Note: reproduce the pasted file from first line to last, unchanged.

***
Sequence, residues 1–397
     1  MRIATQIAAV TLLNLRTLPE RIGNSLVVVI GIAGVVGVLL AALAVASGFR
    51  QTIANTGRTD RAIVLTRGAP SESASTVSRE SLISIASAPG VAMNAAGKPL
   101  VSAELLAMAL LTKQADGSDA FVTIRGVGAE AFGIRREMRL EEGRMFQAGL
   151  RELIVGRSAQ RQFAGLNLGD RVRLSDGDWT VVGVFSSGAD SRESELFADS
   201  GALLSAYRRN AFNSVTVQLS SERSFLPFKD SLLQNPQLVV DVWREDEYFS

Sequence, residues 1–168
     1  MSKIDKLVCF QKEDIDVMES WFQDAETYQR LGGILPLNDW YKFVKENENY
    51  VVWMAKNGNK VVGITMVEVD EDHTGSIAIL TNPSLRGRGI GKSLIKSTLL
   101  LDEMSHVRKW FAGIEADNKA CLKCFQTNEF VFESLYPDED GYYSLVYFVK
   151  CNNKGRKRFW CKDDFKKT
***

Sequence, residues 1–397
     1  MRIATQIAAV TLLNLRTLPE RIGNSLVVVI GIAGVVGVLL AALAVASGFR
    51  QTIANTGRTD RAIVLTRGAP SESASTVSRE SLISIASAPG VAMNAAGKPL
   101  VSAELLAMAL LTKQADGSDA FVTIRGVGAE AFGIRREMRL EEGRMFQAGL
   151  RELIVGRSAQ RQFAGLNLGD RVRLSDGDWT VVGVFSSGAD SRESELFADS
   201  GALLSAYRRN AFNSVTVQLS SERSFLPFKD SLLQNPQLVV DVWREDEYFS

Sequence, residues 1–168
     1  MSKIDKLVCF QKEDIDVMES WFQDAETYQR LGGILPLNDW YKFVKENENY
    51  VVWMAKNGNK VVGITMVEVD EDHTGSIAIL TNPSLRGRGI GKSLIKSTLL
   101  LDEMSHVRKW FAGIEADNKA CLKCFQTNEF VFESLYPDED GYYSLVYFVK
   151  CNNKGRKRFW CKDDFKKT